“We have the best laws and best industry in the country,” he said. “We started from the beginning with a great medical program, and just need to transition into recreational.”
Morgan Fox, Senior Communications Manager for Marijuana Policy Project, also believes that the rollout of Nevada’s recreational program is progressing well.
“Despite Nevada’s medical program being delayed for many years, it was able to get off the ground very quickly and is now aiding in the establishment and implementation of [accepting applications and granting licenses],” she said. “The rollout seems to be going well, and is progressing faster than the other states that made marijuana legal this past November.”
Fox says that under the early start program, as applications are only being accepted from existing medical marijuana licensees, there have been more than 80 applications received from those various businesses.
“While it’s not practical to issue new licenses to distributors quickly enough to make [the July 1] date, the department has not announced any later date. Some MMJ businesses are planning to stock up before the early-start so they don’t run out of stock while they wait for distributors to be licensed.”
BOSTON (AP) — After a week of sharp divisions and heated rhetoric over the future of the state’s recreational marijuana law, it’s now up to a conference committee of six legislators to try and sort everything out.
On one hand, there’s a House bill that infuriated pro-marijuana activists by proposing a major overhaul of the voter-approved law. On the other, a more restrained Senate bill won praise from the groups behind the November ballot question.
MONTREAL and JOHANNESBURG, South Africa, June 26, 2017 /CNW Telbec/ – LGC Capital Ltd. (TSXV: QBA) (“LGC”) is pleased to announce that it has entered into a strategic alliance with AfriAg (Pty) Ltd to create a new 50/50 Joint Venture to grow and distribute medical and recreational cannabis products in the southern African region for export to regulated and certified end users around the world.
AfriAg has extensive experience with managing agriculture operations including greenhouse cultivation. It also owns and manages certified facilities and is one of the largest distributers of perishable food products by airfreight to the world from the southern African region.
The new Joint Venture will aim to develop a fully-regulated cannabis growing and processing industry in the southern African region for export to certified end users world-wide. AfriAg will assist LGC with securing significant agricultural land packages and processing facilities in the region to grow cannabis crops and produce, including seeds, cannabis extracted oils, dried marijuana leafs, cigarettes and vapours.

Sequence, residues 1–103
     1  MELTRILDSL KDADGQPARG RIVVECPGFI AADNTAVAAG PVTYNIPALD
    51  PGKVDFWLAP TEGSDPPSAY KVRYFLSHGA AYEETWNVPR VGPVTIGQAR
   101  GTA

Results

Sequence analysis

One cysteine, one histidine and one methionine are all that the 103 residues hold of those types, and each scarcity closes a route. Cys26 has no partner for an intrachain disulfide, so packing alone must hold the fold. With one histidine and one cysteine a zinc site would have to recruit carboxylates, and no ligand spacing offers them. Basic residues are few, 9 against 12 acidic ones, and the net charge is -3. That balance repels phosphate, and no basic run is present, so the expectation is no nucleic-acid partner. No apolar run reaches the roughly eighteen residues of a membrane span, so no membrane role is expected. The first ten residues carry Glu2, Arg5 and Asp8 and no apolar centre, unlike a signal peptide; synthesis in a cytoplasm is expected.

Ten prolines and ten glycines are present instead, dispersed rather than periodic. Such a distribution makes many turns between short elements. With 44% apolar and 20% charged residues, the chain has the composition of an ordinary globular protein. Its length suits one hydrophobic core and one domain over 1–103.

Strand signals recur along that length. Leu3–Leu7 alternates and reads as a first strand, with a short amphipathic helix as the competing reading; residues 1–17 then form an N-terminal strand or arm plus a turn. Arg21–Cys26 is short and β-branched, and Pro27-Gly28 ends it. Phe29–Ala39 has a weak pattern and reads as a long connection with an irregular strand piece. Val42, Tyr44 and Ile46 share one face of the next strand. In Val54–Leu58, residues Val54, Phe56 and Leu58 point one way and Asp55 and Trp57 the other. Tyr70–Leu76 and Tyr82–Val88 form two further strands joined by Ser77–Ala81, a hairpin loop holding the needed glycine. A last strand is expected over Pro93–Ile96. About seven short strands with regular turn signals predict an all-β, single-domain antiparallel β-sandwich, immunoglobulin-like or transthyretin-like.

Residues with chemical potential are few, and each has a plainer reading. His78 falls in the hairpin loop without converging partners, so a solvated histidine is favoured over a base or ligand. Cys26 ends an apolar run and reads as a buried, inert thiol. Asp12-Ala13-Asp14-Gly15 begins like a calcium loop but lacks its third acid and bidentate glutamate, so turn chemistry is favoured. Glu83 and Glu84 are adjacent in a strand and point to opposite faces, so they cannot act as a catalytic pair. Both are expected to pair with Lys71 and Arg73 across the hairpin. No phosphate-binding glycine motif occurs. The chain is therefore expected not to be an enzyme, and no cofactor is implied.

“LGC, in conjunction with AfriAg, will now be actively pursuing this first of its kind opportunity in the southern African region, which expands LGC’s focus into a truly international investment company,” said John McMullen, CEO of LGC. “AfriAg is a great development partner for a venture such as this and this opportunity is unique. If successful, we will make LGC the first and only Canadian publicly-traded company to be licenced to grow and export recreational and medical cannabis on a global basis.”
“AfriAg can bring a tremendous amount of growing, manufacturing and global logistics expertise to this partnership”, said Paul de Robillard from AfriAg. “Southern Africa has the commercial advantage of very competitive labour rate, a highly-skilled agriculture workforce, excellent climatic conditions, and rich soils that are well suited to outdoor and indoor crop production. We look forward to working with LGC on this new venture.”
About LGC Capital
LGC Capital Ltd. is a Canadian incorporated public company listed on the TSX Venture Exchange (TSX-V: QBA.V). LGC Capital’s objective is to become a diversified business group with core business divisions that provide shareholders with exposure to a diverse range of businesses, products and services, many of which have some exposure to high growth Cuban business opportunities and some that have no exposure to Cuba at all. LGC Capital now plans to enter into the agricultural space in southern Africa through its new joint venture with AfriAg.
AfriAg (Pty) Ltd is a global agriculture and agri-logistics specialist, and provides crop growing and logistics solutions, food marketing and bespoke distribution services, by road, air and sea, to many major food retailing and wholesale corporations around the world. AfriAg (Pty) Ltd is 40% owned by London listed AfriAg Global PLC.